EU Carbon Advances the Most in a Month After Cancun Agreement
2010-12-13 09:47:05.292 GMT
By Ewa Krukowska
Dec. 13 (Bloomberg) -- European Union carbon permits gained
the most in almost a month after envoys at the global climate
summit in Cancun, Mexico, reached agreements on a fund to manage
aid for poorer nations and reducing deforestation.
EU allowances for December 2011 rose as much as 1.8 percent
to 15.17 euros a metric ton, the biggest intraday increase since
Nov. 17, and traded at 15.03 euros as of 9:15 a.m. on London's ICE
Futures Europe Exchange. The contract extended this year's advance
to 14 percent.
Negotiators at the United Nations meeting in Cancun agreed
after two weeks of talks to a climate-protection package
including a fund that would manage a "significant share" of
the $100 billion annually pledged last year in aid for poorer
nations by 2020 and a plan to reduce deforestation. They failed
to agree on emission-reduction targets during the meeting, often
referred to as COP16.
"The Cancun outcome should be viewed as broadly positive
for the international carbon markets as expectations for COP16
had been very low and the international negotiation process to
address climate change has not run aground -- as many suspected
it would," analysts at Bloomberg New Energy Finance in London
wrote in a research note.
The meeting also approved carbon capture and storage
projects as eligible to generate UN offsets, known as Certified
Emission Reductions. CERs are issued to investors for projects
to cut greenhouse gases in developing countries under the Clean
Development Mechanism, the world's second-biggest carbon market
after the European Union's cap-and-trade program.
'Long and Challenging'
The EU said on Dec. 11 the agreement was an important step
on a "long and challenging" road toward a binding treaty to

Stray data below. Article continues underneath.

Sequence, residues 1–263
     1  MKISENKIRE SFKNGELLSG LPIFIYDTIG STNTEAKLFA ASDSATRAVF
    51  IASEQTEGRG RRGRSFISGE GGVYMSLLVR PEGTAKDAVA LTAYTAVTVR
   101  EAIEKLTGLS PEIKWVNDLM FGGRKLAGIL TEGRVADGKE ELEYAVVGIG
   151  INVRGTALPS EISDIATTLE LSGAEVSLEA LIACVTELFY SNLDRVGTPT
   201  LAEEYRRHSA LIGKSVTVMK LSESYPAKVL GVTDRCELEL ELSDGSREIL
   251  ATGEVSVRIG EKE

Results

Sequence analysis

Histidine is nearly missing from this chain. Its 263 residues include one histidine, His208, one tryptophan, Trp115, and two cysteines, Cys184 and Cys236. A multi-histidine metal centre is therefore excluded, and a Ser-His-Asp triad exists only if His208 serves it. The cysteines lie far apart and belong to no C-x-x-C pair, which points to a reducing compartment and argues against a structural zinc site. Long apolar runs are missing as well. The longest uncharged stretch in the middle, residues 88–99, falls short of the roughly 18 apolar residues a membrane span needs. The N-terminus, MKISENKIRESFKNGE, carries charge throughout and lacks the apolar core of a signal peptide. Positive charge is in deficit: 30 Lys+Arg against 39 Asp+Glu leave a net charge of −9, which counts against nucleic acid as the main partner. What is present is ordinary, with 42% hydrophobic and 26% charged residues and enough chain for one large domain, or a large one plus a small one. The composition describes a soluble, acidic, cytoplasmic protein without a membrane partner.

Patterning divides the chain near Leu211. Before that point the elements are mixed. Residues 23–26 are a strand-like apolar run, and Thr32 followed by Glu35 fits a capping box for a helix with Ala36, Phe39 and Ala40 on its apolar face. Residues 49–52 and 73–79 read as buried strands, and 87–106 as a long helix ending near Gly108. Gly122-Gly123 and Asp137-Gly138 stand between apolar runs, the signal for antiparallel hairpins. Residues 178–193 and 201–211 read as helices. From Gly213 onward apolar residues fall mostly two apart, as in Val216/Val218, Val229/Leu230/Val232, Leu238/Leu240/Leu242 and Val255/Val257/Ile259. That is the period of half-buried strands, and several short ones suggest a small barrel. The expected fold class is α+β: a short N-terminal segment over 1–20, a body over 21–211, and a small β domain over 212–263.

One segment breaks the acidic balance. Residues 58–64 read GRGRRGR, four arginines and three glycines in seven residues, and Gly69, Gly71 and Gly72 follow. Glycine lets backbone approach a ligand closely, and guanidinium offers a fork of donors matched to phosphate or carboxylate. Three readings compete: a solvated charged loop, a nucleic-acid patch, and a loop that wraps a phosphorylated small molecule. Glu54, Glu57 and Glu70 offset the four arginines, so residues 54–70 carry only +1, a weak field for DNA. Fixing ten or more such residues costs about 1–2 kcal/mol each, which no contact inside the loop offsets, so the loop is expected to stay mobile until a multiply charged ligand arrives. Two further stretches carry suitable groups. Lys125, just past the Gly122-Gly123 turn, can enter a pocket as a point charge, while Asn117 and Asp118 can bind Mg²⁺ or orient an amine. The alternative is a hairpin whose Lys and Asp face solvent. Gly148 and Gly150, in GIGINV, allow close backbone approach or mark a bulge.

tackle global warming. The 27-nation bloc is on track to meet
its internal target of cutting greenhouse gases by 20 percent by
2020 compared with 1990 and said it may deepen the goal to 30
percent should other nations follow suit.
It stopped short of doing so during the 2009 summit in
Copenhagen, citing inadequate efforts by the U.S. and China.
The next UN summit aimed at ironing out a global climate
framework for when the Kyoto Protocol expires in 2012 is
scheduled to take place next year in Durban, South Africa.
"For the EU allowances market, the Cancun Agreements
increase the likelihood of more ambitious long-term agreement in
the future," New Energy Finance said. "However, the market
risks getting ahead of itself if it believes the Cancun
Agreements will lead to an international agreement involving
binding emissions targets for the U.S., China and Japan --
arguably perquisites for the EU to move beyond its current 20
percent target in 2020."
UN offsets for delivery in December 2011 gained as much as
1.3 percent to 11.55 euros, the highest level since Dec. 2, and
last traded at 11.49 euros. The contract lost 10 percent in the
past six months because of uncertainty over the future of the
CDM after the Kyoto Protocol's expiry.
"Parties at COP16 sent a clear signal that the CDM will
continue operation even if a gap will occur in 2013 between the
end of the Kyoto Protocol's first commitment period and entry
into force of a subsequent treaty," New Energy Finance said.
"This is critical, as it looks very likely that a replacement
treaty will not be in place by Jan. 1, 2013."
The improved CDM rules "will expedite delivery of CERs
from existing projects, and inclusion of CCS as an eligible
technology type may also boost supply in the long term," and
that could pull down prices, New Energy Finance said.
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--With assistance from Mathew Carr in London. Editors: Mike
Anderson, Randall Hackley.
To contact the reporter on this story:
Ewa Krukowska in Brussels at +32-2-237-4331 or
To contact the editor responsible for this story:
Stephen Voss at +44-20-7073-3520 or